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Radiation therapy is used to destroy cancer cells. This procedure may require 15 to 30 visits to a facility with special equipment. Radiation
therapy may be used in combination with other types of therapy to treat
aggressive or recurrent skin cancer.
Recovery time may vary depending on the site treated and the amount
of radiation used.
Radiation therapy may
Surgery and radiation are the primary treatments for nonmelanoma skin cancer, but studies show that surgery has the best results.1 Still, radiation therapy has very good cure rates and cosmetic results, so sometimes it is the treatment of choice.
Risks of radiation therapy to treat skin cancer include the
Side effects are common but typically go away when treatment is
finished. They include:
Radiation therapy is most often reserved for use in older adults.
It may lead to other skin cancers in younger people as they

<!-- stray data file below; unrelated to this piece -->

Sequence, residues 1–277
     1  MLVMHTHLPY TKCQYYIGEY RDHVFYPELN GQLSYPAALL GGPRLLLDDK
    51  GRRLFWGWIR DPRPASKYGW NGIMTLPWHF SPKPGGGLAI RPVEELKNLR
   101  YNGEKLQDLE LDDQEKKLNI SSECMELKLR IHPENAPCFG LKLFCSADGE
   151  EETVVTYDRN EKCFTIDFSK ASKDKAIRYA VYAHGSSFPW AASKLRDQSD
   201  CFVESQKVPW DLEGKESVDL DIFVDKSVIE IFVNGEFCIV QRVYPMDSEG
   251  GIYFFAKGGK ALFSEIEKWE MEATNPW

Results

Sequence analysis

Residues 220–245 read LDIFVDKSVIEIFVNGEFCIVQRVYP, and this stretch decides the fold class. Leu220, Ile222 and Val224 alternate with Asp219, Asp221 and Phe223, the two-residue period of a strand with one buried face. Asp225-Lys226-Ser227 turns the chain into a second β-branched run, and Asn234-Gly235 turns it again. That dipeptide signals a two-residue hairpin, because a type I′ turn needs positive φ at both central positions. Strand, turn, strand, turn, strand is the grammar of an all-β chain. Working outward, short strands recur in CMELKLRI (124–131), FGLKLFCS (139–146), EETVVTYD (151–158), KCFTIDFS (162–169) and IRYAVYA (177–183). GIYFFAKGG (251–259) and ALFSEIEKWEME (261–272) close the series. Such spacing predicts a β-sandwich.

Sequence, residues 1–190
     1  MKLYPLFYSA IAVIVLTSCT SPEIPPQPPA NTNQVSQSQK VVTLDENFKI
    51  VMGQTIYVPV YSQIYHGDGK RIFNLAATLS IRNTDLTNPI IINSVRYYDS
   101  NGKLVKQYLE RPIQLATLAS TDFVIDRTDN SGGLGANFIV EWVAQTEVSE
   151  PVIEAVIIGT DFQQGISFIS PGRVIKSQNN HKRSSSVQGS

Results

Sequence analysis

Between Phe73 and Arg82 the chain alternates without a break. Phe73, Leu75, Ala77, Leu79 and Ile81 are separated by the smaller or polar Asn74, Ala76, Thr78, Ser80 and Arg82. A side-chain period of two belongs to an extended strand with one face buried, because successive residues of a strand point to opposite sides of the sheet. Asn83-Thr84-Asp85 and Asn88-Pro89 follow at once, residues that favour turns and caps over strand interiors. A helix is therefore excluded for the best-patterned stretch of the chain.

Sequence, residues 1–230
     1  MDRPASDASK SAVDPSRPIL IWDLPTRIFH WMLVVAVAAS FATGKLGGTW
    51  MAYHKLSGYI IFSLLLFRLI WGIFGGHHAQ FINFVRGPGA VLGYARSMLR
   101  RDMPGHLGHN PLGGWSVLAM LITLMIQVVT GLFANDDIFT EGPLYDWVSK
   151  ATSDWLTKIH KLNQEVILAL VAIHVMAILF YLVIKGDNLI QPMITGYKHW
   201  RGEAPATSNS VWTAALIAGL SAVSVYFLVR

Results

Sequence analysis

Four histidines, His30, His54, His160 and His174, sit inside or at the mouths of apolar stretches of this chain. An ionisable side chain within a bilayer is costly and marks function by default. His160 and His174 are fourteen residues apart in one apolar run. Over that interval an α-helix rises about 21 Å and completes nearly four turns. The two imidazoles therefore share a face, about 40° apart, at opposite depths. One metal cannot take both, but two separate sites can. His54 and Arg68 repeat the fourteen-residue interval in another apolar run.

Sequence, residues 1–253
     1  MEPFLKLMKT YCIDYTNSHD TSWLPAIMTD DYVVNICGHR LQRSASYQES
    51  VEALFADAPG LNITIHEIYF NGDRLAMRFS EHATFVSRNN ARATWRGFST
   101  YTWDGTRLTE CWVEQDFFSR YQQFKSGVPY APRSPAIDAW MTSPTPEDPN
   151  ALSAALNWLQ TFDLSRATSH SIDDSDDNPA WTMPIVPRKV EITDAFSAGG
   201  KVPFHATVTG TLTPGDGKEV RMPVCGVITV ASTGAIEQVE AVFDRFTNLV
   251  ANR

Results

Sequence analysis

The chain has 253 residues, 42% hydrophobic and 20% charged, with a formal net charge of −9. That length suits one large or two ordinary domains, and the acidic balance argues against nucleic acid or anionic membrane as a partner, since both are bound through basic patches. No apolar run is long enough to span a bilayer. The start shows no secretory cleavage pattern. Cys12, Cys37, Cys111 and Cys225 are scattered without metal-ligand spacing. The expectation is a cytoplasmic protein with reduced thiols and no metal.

Complete the special treatment information form (PDF)(What is a PDF document?) to help you understand this treatment.
National Comprehensive Cancer Network (2012). Basal cell and squamous cell skin cancers. NCCN Clinical Practice Guidelines in Oncology, Version 2. Available online: http://www.nccn.org/professionals/physician_gls/PDF/nmsc.pdf.
ByHealthwise StaffPrimary Medical ReviewerE. Gregory Thompson, MD - Internal MedicineSpecialist Medical ReviewerAmy McMichael, MD - Dermatology
Current as ofNovember 14, 2014
Current as of:
November 14, 2014
E. Gregory Thompson, MD - Internal Medicine
& Amy McMichael, MD - Dermatology
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